Save this guide – it will be useful for every lab!
Conducting controlled experiments is just one part of the scientific process. After an experiment is conducted, thescientist is then expected to write a report on his/her findings. These reports have a typical structure and style. We’ll be practicing this type of reporting throughout the year. Each lab report shouldbe structured according to the format below (not all sections may be needed depending on the particular experiment).
Reports MUST be typed.
Cover Page: With name, date, class.
Title: Thisshould very briefly give an impression of the experiment. Be original and creative. Do not copy the name of the lab guide.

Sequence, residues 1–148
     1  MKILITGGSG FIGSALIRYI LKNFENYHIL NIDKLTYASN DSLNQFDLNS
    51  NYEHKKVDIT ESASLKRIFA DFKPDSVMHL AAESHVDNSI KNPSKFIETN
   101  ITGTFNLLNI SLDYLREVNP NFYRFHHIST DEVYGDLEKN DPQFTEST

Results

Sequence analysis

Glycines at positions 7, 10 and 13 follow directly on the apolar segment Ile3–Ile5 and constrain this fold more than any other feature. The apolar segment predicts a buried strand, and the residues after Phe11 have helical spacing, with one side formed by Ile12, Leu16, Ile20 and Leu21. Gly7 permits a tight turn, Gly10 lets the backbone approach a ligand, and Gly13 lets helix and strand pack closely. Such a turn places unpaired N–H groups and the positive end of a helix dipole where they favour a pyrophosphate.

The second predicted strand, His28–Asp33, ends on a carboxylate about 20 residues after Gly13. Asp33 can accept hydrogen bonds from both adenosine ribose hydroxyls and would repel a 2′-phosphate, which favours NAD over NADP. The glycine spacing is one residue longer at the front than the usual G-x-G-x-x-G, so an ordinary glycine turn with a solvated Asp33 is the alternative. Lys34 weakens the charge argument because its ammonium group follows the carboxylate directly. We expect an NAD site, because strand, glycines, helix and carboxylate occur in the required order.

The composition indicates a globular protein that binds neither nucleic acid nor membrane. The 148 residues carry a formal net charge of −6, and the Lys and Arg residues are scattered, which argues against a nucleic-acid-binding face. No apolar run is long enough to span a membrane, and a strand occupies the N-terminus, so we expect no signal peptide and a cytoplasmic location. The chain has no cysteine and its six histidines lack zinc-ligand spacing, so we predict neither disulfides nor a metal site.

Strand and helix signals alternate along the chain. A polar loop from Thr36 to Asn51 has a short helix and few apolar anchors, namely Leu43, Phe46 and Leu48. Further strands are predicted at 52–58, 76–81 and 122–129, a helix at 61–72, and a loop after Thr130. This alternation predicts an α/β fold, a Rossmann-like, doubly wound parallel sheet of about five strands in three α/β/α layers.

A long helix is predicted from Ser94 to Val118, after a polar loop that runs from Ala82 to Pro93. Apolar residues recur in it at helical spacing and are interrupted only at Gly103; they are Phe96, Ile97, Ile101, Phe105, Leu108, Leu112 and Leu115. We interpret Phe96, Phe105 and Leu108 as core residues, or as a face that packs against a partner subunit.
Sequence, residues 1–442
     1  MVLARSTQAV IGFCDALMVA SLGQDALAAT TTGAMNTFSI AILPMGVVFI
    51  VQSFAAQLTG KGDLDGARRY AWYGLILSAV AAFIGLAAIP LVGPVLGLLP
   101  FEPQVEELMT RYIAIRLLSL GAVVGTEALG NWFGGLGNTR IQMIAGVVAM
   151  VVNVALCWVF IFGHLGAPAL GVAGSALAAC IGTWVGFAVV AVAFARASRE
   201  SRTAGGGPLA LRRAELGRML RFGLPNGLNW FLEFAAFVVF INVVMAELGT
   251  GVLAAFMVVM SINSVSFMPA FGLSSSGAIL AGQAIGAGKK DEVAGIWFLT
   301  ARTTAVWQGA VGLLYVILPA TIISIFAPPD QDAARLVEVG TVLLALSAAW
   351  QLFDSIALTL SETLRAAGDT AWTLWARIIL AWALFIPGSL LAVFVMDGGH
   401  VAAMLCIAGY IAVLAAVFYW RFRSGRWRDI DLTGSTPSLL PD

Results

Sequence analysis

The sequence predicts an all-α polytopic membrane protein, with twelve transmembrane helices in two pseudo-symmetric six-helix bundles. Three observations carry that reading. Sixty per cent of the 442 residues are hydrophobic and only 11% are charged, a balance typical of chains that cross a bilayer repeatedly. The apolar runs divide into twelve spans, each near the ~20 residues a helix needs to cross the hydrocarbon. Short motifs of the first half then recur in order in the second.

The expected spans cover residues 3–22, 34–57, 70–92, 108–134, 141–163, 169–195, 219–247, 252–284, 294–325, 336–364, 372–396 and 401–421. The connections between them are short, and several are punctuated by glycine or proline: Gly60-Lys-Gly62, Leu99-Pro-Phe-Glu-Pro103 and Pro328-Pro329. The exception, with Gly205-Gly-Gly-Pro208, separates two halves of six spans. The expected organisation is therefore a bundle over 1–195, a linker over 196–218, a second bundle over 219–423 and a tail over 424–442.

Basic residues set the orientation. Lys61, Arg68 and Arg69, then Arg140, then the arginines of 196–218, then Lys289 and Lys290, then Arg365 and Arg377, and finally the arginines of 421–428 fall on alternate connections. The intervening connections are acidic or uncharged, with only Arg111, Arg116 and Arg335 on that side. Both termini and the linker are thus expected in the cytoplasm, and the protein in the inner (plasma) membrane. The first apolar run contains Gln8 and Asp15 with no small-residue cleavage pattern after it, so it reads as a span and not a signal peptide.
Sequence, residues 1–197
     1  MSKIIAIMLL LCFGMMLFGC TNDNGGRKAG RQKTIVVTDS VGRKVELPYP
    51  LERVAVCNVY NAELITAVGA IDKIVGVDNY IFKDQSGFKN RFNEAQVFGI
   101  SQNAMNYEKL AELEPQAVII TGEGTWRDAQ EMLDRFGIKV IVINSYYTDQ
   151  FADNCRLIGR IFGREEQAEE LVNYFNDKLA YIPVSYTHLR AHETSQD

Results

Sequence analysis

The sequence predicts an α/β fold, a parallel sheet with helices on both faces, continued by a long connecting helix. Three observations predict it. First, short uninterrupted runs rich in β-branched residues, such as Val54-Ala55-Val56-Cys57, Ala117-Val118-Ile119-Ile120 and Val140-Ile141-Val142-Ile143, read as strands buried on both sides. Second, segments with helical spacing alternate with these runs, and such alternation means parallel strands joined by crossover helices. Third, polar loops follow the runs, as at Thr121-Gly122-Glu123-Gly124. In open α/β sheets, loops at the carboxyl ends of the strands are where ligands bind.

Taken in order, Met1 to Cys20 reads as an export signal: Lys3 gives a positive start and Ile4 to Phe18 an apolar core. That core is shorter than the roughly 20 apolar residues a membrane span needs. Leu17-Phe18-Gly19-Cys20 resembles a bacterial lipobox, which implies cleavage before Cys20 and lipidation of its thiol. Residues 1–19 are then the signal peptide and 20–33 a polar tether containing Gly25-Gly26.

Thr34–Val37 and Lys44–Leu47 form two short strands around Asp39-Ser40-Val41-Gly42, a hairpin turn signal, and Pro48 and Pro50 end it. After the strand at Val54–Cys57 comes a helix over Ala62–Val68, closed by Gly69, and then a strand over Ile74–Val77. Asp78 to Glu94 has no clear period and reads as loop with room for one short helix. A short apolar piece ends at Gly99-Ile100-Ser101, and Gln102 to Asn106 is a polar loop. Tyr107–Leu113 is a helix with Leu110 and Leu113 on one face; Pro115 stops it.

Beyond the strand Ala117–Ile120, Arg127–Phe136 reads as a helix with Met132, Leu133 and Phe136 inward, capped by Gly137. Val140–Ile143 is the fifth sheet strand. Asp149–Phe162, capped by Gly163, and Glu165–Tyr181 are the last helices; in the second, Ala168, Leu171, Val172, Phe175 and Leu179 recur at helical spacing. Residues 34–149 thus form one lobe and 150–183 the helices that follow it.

Purpose: This states what you hope to accomplish - it’s a brief statement ofthe scientific question to be examined. Use action words like measure or demonstrate and pronouns like I, We.
Materials: Include equipment, chemicals and quantities used.
Hypothesis: This isyour educated guess concerning your experiment. Your hypothesis must be testable. Use “If and Then” format.
Rationale: This is the reasoning behind your hypothesis. This statement should supportthe idea behind the hypothesis.
Procedure: This should be a detailed list or description of the steps you followed during your experiment. Diagrams or pictures can be very helpful in this section.You may summarize the procedure in your own words.
Observations: These are statements of what you witnessed throughout the lab while you were carrying out your procedure. They must be trueobservations of phenomena and not just inferences.
Data/Results: Here is where you present your data—usually in a neat and organized data table. Tables are used to organize and communicate results tooutside observers. You can also look back on your data when developing a theory/ conclusion. Use the helpful hints below to create table to record the data.
❑ Your table must have enough...